Wednesday, October 14, 2009

The Royal Family (The Samuel J. Friedman Theatre)

By Harry Forbes

By the end of the first act with all its wildly frenetic hubbub and its stock maids and butlers dashing to and fro, I was beginning to think George S. Kaufman and Edna Ferber’s 1927 send-up of the Barrymore acting clan had had its day. Does anyone remember or care about the Barrymores today, apart from Drew, that is? Is the over-the-top passionate dedication to Theater relevant today? Are the farcical shenanigans of the fictional Cavendish household really all that funny?

I was inclined to think not after watching the glossy 2001 London revival featuring Judi Dench as matriarch Fanny Cavendish and great-on-paper cast including Harriet Walter, Julia MacKenzie, Toby Stephens, and newcomer Emily Blunt. That glossy production had its moments, but it was no great shakes. And neither, as I recall, were the American accents.

By the second act of the Manhattan Theatre Club’s new mounting, however, I was reminded that all it takes for this property to click is the right cast and a canny director.

Everyone fondly remembers the 1976 Ellis Rabb production with Rosemary Harris as middle generation Julia, the glamorous breadwinning star of the family. It’s easy enough to be reminded how good it was as the PBS broadcast of that production is still available on DVD.

Now Harris has graduated to Eva LeGallienne’s role of the aging (and ailing) Fanny, determined to hit the road once again. And she is, of course, superb. Jan Maxwell is now Julie, and she is masterful in every respect. When the action reaches fever pitch at the end of that second act and she is pushed beyond all endurance, Maxwell’s hysterical breakdown ending prostrate on the floor proves one of the all-time most enjoyably flamboyant displays of temper ever on the boards.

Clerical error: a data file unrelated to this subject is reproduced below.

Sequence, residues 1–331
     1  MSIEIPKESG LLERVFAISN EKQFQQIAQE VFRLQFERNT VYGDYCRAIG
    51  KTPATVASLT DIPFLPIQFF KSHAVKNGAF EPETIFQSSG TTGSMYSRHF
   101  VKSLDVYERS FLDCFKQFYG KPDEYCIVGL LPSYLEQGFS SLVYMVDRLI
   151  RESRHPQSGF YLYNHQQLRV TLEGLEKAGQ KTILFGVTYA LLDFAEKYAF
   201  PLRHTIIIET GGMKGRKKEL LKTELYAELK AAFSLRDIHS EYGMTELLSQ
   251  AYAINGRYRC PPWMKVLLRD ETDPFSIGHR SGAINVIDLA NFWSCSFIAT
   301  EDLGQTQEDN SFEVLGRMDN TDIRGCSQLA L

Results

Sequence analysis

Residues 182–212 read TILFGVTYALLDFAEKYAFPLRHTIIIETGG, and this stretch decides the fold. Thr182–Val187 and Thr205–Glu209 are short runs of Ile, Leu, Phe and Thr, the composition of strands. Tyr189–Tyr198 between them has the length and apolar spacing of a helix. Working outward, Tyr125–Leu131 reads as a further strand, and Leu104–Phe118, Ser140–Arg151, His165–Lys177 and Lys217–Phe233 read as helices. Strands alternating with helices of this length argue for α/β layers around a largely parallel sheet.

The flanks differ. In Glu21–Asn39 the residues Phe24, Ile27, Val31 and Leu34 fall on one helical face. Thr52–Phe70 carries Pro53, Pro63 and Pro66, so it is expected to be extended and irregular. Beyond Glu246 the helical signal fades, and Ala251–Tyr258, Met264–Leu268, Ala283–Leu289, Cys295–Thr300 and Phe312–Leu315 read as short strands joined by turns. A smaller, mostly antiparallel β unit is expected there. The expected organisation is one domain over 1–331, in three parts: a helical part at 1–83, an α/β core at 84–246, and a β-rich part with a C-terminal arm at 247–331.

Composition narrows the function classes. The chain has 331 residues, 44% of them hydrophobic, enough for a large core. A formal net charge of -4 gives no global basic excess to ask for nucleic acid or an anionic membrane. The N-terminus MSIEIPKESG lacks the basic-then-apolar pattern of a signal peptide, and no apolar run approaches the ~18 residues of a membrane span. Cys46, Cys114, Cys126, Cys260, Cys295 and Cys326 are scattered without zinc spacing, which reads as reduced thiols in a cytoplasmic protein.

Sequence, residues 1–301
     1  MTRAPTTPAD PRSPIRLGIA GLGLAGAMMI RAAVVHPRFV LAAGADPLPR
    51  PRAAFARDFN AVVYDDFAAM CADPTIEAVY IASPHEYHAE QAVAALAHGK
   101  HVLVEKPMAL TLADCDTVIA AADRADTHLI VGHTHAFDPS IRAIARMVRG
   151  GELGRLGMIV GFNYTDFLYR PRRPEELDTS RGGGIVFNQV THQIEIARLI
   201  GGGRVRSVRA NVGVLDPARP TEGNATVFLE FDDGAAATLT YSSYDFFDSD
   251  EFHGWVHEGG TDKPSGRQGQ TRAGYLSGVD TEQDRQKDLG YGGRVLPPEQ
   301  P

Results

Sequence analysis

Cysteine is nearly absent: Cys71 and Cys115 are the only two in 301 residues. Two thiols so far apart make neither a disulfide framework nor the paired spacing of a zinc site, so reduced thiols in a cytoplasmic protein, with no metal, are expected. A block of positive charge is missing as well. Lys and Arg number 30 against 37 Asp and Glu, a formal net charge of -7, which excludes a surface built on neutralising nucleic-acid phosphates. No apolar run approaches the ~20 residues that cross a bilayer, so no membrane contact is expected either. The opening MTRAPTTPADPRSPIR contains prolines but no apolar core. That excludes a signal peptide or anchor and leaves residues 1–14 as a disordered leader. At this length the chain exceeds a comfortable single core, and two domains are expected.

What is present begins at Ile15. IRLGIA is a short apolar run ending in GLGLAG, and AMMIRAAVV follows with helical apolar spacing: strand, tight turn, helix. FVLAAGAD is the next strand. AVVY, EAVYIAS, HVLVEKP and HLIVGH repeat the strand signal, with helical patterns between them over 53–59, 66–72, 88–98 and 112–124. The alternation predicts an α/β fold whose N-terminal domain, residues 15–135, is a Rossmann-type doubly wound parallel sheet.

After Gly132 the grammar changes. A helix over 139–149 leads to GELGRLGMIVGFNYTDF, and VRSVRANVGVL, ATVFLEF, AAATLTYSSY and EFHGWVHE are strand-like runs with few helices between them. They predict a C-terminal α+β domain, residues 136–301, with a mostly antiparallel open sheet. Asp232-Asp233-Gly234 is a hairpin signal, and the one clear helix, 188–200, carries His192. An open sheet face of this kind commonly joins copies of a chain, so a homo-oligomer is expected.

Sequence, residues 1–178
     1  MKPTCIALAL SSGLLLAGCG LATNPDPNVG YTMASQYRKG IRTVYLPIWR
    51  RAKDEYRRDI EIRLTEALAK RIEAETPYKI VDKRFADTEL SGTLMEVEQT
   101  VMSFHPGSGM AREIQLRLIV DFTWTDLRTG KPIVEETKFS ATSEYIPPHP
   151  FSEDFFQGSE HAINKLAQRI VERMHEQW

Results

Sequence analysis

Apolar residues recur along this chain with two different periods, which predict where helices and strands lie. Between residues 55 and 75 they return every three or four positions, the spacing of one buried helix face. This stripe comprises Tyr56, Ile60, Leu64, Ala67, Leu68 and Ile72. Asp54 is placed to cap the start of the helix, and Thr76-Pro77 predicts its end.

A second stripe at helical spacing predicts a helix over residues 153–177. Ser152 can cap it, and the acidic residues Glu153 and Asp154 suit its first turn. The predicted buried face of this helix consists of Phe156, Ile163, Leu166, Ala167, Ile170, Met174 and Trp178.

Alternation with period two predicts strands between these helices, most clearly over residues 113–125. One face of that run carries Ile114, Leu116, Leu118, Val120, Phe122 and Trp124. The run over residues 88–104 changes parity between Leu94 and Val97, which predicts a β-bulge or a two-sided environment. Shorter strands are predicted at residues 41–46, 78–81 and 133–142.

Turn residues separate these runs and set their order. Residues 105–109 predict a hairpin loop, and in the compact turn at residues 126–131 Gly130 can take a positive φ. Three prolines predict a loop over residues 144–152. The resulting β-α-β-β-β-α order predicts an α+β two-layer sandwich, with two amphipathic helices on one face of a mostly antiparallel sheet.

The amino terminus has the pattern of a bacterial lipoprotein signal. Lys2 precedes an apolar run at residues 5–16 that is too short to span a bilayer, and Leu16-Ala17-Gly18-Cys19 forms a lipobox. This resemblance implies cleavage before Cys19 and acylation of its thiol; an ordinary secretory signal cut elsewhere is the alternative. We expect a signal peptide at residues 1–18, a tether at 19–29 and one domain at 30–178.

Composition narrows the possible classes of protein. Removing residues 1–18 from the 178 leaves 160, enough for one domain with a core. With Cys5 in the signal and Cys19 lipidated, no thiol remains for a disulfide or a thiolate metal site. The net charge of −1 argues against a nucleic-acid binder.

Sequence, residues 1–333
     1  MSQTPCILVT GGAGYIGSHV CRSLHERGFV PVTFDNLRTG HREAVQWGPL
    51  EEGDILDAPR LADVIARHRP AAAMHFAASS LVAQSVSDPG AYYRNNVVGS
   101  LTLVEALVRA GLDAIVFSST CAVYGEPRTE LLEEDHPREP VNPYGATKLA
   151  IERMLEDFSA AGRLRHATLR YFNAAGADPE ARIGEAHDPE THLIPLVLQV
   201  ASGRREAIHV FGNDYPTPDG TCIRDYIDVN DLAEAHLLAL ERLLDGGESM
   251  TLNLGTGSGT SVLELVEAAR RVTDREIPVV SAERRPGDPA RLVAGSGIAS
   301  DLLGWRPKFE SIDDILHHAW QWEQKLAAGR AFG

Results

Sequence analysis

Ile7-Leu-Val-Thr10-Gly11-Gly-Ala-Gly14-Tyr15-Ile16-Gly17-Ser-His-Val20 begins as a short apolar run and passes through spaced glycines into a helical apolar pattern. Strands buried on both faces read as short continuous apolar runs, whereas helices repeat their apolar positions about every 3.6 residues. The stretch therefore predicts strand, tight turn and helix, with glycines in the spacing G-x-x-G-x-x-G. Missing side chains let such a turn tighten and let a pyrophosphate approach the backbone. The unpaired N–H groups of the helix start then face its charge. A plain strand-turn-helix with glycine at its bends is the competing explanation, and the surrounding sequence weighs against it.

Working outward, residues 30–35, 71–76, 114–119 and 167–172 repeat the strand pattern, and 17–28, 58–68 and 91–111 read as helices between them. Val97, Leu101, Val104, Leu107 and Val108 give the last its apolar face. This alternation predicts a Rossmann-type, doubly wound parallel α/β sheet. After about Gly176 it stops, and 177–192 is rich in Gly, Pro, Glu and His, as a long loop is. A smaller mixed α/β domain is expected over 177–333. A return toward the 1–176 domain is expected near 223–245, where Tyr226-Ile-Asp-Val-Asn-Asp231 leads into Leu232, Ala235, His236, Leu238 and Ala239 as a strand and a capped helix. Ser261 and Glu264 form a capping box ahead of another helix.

The show’s other comic standout is Reg Rogers as Julia’s hammy brother, Tony, modeled on John Barrymore. Having given up the stage for Hollywood, Tony, like Barrymore at the height of his silent movie fame, has fled back to New York, fleeing lawsuits for punching a director and breach of promise. He’s a whirlwind of swashbuckling affectation.

Tony Roberts was indisposed after a recent hospitalization but his part of manager Oscar Wolfe was expertly handled by Anthony Newfield. John Glover and Ana Gasteyer have the rather thankless roles of Fanny’s aging brother and talentless wife, but they fill the bill. Ditto Kelli Barrett as Gwen, Julia’s actress daughter, now poised to give up the stage for a blue-blooded non-actor (Freddy Arsenault). Julia herself finds herself in the same dilemma with the return of an old beau (Larry Pine) from South America.

John Lee Beatty has designed a gorgeously detailed town house, on which director Doug Hughes has done a nifty job of staging all the comic mayhem -- ringing buzzers and phones, package deliveries, dramatic entrances, hasty exits, heightened emotions – but also, ultimately, bringing out the text’s genuine poignancy. Unlike Peter Hall’s Judi Dench staging, this one makes persuasively clear what the theater means to this eccentric, endearing brood.

(Manhattan Theatre Club’s Samuel J. Friedman Theatre, 261 West 47th Street, 212-239-6200 or Print this post


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